8.  ACCA does not agree with this last point. The report is a study of codes; it does not review compliance with codes. Recent UK experience, as reported by the Pensions and Investment Research Consultants in its 2001 study of corporate governance in large listed UK companies, suggests that only 20 per cent are in full compliance with the Combined Code. Such a low percentage suggests that market regulators and enforcement agencies need to move towards convergence of codes and their enforcement with a greater degree of urgency than the authors of the EC study consider to be necessary.


  9.  Notwithstanding the decision of the EC Committee on Auditing referred to above, we believe that, in the light of post-Enron concerns, it is correct that issues relating to the appointment and subsequent independence of auditors should be kept under continuous review. We strongly recommend, however, that the principles-based independence framework of the International Federation of Accountants should be given time to demonstrate its effectivesness.


  10.  At the first session of the Committee's hearings, ACCA emphasised the importance of striking a correct balance between empowering non-executive directors to contribute to corporate wealth creation and competitiveness and, at the same time, asking them to take on a range of accountability functions in respect of main Board protocols. We believe that the various enquiries now under way should make this a key point in their investigations. Liability and remuneration of non-executive directors are only part of the issue. Of greater consequence is the question of whether or not the UK approach to board structure and governance provides greater safeguards than comparable systems operating elsewhere in the EU.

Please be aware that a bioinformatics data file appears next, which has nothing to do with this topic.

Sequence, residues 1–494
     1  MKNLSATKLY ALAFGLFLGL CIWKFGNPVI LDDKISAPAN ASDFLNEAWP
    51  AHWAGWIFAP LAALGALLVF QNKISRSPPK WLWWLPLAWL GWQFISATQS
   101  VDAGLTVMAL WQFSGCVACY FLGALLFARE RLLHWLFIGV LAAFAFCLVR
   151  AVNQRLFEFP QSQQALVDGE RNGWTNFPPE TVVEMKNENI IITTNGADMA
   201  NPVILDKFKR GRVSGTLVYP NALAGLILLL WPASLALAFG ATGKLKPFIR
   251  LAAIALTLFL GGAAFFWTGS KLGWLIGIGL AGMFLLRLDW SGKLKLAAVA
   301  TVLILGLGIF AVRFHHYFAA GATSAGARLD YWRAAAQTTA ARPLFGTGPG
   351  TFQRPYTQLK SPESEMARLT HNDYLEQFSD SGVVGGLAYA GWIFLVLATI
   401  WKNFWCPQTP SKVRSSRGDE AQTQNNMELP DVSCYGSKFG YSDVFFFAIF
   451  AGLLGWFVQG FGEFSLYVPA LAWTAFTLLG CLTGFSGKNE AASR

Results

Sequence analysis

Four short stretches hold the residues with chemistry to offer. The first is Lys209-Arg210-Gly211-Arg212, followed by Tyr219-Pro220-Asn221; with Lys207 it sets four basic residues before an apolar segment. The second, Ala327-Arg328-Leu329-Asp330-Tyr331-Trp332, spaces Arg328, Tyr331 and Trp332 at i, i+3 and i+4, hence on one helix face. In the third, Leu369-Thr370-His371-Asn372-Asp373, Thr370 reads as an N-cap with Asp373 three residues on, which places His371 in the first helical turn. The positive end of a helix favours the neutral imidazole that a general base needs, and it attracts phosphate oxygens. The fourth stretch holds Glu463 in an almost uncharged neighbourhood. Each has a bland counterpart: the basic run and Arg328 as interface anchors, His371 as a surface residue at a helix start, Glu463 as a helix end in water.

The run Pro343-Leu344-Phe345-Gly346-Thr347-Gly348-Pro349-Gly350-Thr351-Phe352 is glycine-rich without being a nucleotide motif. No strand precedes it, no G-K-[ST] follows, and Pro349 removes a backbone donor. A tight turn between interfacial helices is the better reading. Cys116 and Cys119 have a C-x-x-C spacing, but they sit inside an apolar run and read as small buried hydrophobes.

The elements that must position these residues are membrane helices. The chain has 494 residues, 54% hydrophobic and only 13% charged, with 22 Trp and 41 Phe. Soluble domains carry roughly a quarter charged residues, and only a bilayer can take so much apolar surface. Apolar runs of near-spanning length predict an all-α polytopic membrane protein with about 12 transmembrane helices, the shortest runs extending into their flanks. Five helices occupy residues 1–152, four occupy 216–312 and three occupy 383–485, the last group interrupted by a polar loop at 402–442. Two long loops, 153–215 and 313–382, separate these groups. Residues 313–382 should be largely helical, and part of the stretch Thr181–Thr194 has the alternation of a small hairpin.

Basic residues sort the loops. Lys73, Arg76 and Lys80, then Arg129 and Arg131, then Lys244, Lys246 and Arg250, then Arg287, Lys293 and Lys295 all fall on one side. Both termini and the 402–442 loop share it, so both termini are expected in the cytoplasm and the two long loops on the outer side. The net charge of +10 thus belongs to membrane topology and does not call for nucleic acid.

11.  The Committee was interested in the profession's view of the part which a statutory OFR might play in regard to accountability issues. An OFR is intended to enable users of financial statements to "look through the eyes of management" to gain a better insight into the strategic risks that a company faces and an improved understanding of the qualities and intangibles which create additional shareholder value. ACCA therefore welcomes the proposal to introduce a mandatory OFR statement, applicable to all companies of significant economic size.

  12.  The OFR is not intended—in itself—to be a pure financial accountability tool; this is the function of the primary financial statements, viz the balance sheet, profit & loss account and cash flow statement. Improved OFR disclosures may, however, assist in explaining the gap between net asset values as reported in the accounts and current stock market values. The profession is keenly aware that existing financial reporting standards do not address the issue of intangible assets—such as innovation capabilities, brand equity and embedded intellectual capital—in any systematic way, and is moving to address the topic in the future standard setting programme.